Isle of Scilly Cruises

A sparsely-inhabited archipelago off the southwestern tip of the Cornish peninsula, the Isles of Scilly have been inhabited by humans since the Stone Age.

A recent census count put the population at just 2,203. These isles are warm in temperature, especially compared to the rest of the UK, and are an important stopover for migrating birds, making it a popular spot for bird watchers. Cruising to the Isles of Scilly also brings you close to some of the oldest ruins in Britain. 

It’s likely that the Isles of Scilly were once much larger, and possibly joined together, as an island named Ennor (En Noer means ‘great island’ and is referred to in various old texts).  A cruise around the 55 islands and islets will let you see much of this strange and rich part of the UK. 

Top 5 interesting facts

  • Kelp harvesting, smuggling, and shipbuilding have all been major industries. 
  • It’s the only UK habitat of the lesser white-toothed shrew.
  • Tourism accounts for 85% of the islands’ income. 
  • Many American vagrant birds make their first European landfall here.
  • The main agricultural product here is cut flowers, especially daffodils. 



Until the early 20th century, Scillonians practised subsistence living, mainly farming and fishing. Today, the Isles of Scilly’s main industry is tourism, primarily focused around the islands’ many small inns and pubs.

It’s possible that these islands are the ones the Phoenicians and Greeks visited in ancient times, which they named the Tin Isles (Cassiterides). After this early encounter, many other tribes visited and left their own marks, including the Romans, Vikings, Norman conquerors and a confederacy of hermits.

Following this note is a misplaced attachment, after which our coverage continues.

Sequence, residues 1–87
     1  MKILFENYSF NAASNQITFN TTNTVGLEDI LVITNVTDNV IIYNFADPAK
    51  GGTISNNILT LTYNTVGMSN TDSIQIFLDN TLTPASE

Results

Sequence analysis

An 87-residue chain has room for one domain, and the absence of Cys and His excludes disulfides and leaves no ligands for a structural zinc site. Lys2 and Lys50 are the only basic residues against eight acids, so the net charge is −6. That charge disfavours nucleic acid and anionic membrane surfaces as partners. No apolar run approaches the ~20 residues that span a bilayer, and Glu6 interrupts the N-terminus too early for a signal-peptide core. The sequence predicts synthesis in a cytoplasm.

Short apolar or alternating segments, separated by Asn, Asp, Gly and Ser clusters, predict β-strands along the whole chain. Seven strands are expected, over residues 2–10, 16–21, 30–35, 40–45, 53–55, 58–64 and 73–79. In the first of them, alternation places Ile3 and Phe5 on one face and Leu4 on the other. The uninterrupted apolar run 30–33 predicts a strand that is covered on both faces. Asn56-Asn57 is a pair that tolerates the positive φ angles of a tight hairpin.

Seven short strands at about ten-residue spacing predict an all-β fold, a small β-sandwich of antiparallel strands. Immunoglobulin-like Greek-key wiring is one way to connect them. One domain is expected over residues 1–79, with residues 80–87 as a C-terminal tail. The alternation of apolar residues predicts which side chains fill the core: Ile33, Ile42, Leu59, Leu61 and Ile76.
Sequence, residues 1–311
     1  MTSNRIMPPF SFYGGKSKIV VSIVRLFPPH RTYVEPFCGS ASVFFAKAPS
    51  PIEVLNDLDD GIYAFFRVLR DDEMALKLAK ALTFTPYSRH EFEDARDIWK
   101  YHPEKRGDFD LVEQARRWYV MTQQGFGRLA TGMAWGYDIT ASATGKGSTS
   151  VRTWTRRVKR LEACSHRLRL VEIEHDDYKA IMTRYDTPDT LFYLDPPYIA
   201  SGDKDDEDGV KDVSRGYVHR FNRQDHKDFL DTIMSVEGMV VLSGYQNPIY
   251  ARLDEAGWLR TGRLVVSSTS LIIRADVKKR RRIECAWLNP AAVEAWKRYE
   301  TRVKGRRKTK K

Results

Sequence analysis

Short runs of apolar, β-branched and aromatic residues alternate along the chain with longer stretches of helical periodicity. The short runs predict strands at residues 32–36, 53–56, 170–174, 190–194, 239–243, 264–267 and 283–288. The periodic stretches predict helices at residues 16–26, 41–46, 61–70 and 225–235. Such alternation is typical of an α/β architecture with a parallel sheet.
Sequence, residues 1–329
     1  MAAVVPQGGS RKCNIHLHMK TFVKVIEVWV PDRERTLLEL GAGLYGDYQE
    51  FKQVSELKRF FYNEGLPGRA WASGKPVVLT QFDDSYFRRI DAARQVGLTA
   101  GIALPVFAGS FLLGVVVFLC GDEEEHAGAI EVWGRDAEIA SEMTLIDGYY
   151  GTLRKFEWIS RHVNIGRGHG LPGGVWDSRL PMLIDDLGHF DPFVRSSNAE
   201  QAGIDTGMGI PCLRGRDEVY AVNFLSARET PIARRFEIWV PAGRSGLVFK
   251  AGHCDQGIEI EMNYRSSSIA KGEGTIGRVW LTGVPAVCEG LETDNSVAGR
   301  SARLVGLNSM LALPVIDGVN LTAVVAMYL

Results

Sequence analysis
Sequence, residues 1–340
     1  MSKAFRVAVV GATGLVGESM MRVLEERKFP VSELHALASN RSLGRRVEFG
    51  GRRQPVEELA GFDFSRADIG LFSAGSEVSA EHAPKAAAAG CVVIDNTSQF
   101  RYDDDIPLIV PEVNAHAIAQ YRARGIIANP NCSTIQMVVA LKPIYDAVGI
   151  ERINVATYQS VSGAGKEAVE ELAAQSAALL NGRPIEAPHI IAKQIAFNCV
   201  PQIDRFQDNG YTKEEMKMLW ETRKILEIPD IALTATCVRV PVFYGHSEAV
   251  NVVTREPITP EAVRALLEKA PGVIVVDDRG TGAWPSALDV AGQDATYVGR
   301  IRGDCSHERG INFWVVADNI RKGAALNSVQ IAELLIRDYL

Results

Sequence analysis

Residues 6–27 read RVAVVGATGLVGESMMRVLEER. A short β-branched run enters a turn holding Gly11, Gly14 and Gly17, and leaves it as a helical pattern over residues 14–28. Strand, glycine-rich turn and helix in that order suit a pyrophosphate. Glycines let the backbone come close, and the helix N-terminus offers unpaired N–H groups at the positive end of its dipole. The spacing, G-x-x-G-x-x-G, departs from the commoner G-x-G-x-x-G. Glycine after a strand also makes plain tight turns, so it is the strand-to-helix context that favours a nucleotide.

Iconic sights

Offshore, midway between Land's End and the Isles of Scilly, is the supposed location of the mythical lost land of Lyonesse, referred to in Arthurian literature, of which Tristan is said to be a king. This may be a folk memory of inundated lands, but this legend is also common among the Brythonic peoples, and the legend of Ys is a parallel legend in Brittany, as is that of Cantre'r Gwaelod in Wales. 




The main isle here is St Mary’s, with a total area of around 2.5 square miles and the place the majority of the population call home. 

Unsurprisingly, this is also where the majority of inns and pubs are situated, along with the port. Despite its remote location, this area became the final home of ex-British Prime Minister Harold Wilson – he’s even buried here.

Bant's Carn Burial Chamber and Halangy Down Ancient Village in Hugh Town on St Mary’s is an uncovered prehistoric village, where you can explore this ancient settlement free of charge. Bant’s Carn is a preserved entrance grave from the Bronze Age and Halangy Down dates back to the same time. Located on the coast of St Mary’s, the grounds here offer some lovely walks and beautiful views of the ocean. 


Cruises visiting the Isle of Scilly

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